By Jason Keidel
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Since it’s Thanksgiving Eve, and you’re clearing your cubicle at noon, I’ll spare us the spiritual strain of Penn State. (Feel free to join the tornadic debate under my Monday column, with comments 200-deep upon last look.)

Let’s keep it fast and facile, so that even I can fathom it…

On the day of great gratitude, I think back to the first year I followed baseball: 1977. I watched and worshiped Reggie Jackson. Even today the hair spikes all up my neck when I recall his three homers off three pitchers off three pitches in the World Series. Then Jackson capped his classic Fall Classic a month later when he won the Cy Young…

Or was it Jim Rice? Rod Carew? Thurman Munson?

It feels reasonable to ask, given baseball’s warped world of awarding pitchers hardware designed for hitters. Or, if not designed, implicitly intended.

Yes, we know it’s tougher to buy or burnish an ace than a first baseman, but that’s not the point. Verlander (24-5, 2.40 ERA, 250 SO) started 34 games this year, less than a quarter of his club’s total contests. How can he be more valuable than his own teammate, Miguel Cabrera, who played 161 games, hit .344, with 30 homers and 105 RBI? (Not to mention his league-leading 48 doubles.)

Yes, we know Cabrera is a mammal of dubious mores, but that’s not the point, either. He’s a beast with a bat, and Detroit would not have made the playoffs without him. He had nearly 200 hits (197), which impacted far more games than Verlander’s 34. Simple. Right?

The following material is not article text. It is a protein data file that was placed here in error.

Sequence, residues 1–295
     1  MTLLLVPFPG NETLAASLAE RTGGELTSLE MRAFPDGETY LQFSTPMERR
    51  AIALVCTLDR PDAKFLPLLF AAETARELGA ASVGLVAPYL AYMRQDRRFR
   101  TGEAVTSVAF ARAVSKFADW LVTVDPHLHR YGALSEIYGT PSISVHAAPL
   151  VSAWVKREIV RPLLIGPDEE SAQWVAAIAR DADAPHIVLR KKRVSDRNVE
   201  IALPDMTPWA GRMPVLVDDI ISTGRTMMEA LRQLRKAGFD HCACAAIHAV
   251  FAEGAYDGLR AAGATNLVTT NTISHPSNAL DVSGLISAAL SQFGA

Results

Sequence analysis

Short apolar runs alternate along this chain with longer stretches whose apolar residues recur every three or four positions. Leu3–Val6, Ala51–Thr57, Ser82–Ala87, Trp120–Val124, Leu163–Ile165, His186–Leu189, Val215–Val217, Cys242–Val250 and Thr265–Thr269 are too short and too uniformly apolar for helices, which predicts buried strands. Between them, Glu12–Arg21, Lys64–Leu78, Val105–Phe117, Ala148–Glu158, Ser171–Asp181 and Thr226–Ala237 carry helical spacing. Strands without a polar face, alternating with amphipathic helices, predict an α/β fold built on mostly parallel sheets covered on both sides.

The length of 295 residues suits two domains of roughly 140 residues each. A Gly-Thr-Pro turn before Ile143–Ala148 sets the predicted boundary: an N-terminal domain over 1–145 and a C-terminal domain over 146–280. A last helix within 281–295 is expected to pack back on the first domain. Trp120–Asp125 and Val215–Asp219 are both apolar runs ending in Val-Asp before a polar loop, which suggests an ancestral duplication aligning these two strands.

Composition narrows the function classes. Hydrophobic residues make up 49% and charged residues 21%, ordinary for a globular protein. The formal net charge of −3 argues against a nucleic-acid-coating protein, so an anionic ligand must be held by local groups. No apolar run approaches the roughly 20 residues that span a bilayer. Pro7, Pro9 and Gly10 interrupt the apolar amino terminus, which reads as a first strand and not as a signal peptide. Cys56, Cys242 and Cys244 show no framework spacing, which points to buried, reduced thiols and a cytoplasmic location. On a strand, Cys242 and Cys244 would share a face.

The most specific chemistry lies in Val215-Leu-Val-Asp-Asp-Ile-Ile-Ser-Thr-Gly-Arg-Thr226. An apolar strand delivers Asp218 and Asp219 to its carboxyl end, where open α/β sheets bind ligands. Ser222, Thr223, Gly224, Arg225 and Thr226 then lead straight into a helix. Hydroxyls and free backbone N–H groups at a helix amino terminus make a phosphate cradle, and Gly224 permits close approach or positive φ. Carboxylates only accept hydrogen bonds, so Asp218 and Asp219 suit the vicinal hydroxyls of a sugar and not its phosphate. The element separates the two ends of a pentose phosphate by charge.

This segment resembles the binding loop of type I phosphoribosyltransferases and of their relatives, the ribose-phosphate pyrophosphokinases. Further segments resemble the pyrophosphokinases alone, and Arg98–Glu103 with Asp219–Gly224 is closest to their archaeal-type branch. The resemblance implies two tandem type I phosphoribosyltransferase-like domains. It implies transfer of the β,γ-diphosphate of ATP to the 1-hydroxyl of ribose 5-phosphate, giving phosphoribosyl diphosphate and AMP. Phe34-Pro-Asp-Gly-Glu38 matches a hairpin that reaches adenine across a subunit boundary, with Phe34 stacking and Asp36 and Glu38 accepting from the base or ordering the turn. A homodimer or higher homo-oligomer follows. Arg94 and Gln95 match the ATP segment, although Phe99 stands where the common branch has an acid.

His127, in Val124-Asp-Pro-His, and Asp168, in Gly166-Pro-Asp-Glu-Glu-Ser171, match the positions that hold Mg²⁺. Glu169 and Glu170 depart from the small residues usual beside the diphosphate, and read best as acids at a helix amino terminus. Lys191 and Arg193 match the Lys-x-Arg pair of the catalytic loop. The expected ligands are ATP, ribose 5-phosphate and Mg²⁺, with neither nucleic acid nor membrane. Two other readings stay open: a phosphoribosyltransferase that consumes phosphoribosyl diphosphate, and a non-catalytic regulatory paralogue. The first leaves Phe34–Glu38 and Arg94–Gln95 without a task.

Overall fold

“The Tigers don’t make it to October without Verlander!” you shriek.

And you’re right. But it’s safe to assume Verlander’s replacement would have won about 14 games. I know, I know, you say when Verlander starts he spares the bullpen by pitching more innings (251) than his peers, and thus his value is even greater. But not only did he appear in just 34 games, he had 4 at-bats all season. His impact was limited to one function: throwing a baseball.

“Check out Justin’s stats, dude! He’s got a whopping, 8.6 WAR!”

At the risk of sounding like the very geriatric grouch I swore I’d never become, clinging to the old days and ways like a lifeline, but are all stats overly salient simply because they’re new? There’s no doubt Justin is justified in winning the Cy Young, and perhaps any other award. Just not the MVP. Why didn’t it stop there? Because baseball geeks had to prove a point, flaunt their newfound baseball calculus?

And I hate to use the most obvious argument against Verlander (number of games played) but just because it’s regurgitated it doesn’t mean it’s wrong.

Since hitters can’t win the Cy Young, why can pitchers win the MVP? What’s the point of having a Cy Young when pitchers can win the MVP? We can end this argument very easily. Eliminate the Cy Young Award. Make the MVP the baseball version of “Survivor.” Only one man remains on the island (or diamond, if you prefer.)